Moodle Course, 75% Complete!

My Moodle course is now nearing completion, which is exciting, but now it’s time to refine what I have (and I often find those small details are the most tedious, easy to overlook yet very important to catch).  Now that the bulk of the course is complete, I want to focus on the small details that we discussed as a class in our online meeting — changing it to where it doesn’t follow an actual calendar schedule (no time frame, a course that can be started whenever a class wants to start it), figuring out the grading details and making sure everything is set up appropriately, double checking that people can collaborate on the wiki at the same time efficiently, etc.

I’m quite a bit over 75% complete with the course, I think, which is about how much we should have done at this point.  That being said, I think I’m right on target to finish within my timeline for completion.  Again, now it’s all the fine details, plus creating a job aid and adding a few more finishing touches, and then it will be complete and ready for implementation!  Actual implementation with the class this is being created for won’t happen until January, when students return from winter break.  At that point, World History will be beginning the revolutions unit, and our one class of sophomores who have 1 to 1 technology will use this course.  Some of the same activities will be done in the other classes, outside of a blended environment, to help distinguish if the course’s success (or failure) should be attributed to the blended environment rather than the curriculum.

Evaluation will be complete around mid-February.  At that point, all World History students will have finished covering the revolutions, and they will take a district assessment covering this unit.  We will disaggregate the data and evaluate the success of the Moodle course.  I’m looking forward to seeing how it goes!  I’ll be sure to update here what we find out!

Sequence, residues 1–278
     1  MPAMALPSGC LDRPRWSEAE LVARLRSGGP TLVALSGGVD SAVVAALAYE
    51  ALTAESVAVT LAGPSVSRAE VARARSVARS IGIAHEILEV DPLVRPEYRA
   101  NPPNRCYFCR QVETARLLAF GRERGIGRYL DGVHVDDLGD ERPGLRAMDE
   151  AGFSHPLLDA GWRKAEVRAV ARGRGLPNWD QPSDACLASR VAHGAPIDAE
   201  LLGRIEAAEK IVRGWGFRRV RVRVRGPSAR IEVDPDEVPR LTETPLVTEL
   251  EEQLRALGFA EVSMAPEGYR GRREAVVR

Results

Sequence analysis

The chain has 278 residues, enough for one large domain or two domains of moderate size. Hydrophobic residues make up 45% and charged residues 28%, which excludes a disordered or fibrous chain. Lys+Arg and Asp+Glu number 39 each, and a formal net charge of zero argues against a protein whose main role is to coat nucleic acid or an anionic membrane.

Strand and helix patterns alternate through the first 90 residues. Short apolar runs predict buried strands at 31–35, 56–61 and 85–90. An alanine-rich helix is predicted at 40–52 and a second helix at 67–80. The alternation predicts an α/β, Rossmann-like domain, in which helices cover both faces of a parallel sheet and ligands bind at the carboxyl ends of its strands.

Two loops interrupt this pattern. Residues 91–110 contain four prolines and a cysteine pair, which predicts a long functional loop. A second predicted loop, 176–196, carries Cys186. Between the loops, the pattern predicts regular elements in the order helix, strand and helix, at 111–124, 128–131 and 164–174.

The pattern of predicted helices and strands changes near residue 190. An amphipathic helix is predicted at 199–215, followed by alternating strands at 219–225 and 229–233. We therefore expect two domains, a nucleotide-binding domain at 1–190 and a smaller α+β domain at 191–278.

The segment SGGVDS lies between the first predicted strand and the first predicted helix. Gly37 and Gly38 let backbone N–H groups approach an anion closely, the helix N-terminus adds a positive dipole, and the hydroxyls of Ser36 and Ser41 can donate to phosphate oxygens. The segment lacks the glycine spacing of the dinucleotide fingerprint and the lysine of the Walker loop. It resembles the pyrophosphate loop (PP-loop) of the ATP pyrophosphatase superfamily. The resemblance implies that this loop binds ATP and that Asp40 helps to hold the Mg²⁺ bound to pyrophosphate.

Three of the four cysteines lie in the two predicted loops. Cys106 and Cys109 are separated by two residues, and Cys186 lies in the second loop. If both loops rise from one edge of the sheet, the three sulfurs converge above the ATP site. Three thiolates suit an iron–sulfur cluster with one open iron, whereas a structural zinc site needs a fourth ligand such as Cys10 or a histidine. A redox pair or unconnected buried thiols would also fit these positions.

Moodle Development and Flipping the Classroom

I’ve started compiling my Moodle course over World History Revolutions.  Moodle is a very user-friendly LMS, I think.  I’m kind of a trial by error type gal when it comes to using new technology, and it really doesn’t take too long to figure out how to maneuver through the editing process.  I was surprised at the number of options available, and was pleasantly surprised at some of the small touches (like actually embedding the YouTube clip if you link to it, as one small example) that make both the user and developer’s experiences better.

I started with a blank outline with seven or eight weeks of course material.  From there I edited the intro to include a snazzy picture of an old skool world map, followed by a short introduction, then PDF files of the purpose, problem, and learning theory behind this course, plus another PDF file of learning goals and objectives.  The skeleton of the course came with a news forum in the introduction section, which I thought was probably a good idea for posting announcements and such, so I kept it. I then edited the title of each week to reflect what the learning focus was.  

Once the bare-bone template was complete, I started working on some of the specific aspects of each week’s instruction.  I started by uploading a file that lays out the week’s goals and objectives, plus accompanying TEKS, for each week.  Then I played with the Glossary feature.  After creating a Glossary for the first week – the Scientific Revolution – I figured out that you can duplicate and move the assignment.  So I went ahead and duplicated, then edited, then moved the glossary for each week, since I knew we would be doing glossaries in each week of instruction.  That was a cool feature which I think will probably help me be more efficient in my development.  I’m glad I found it!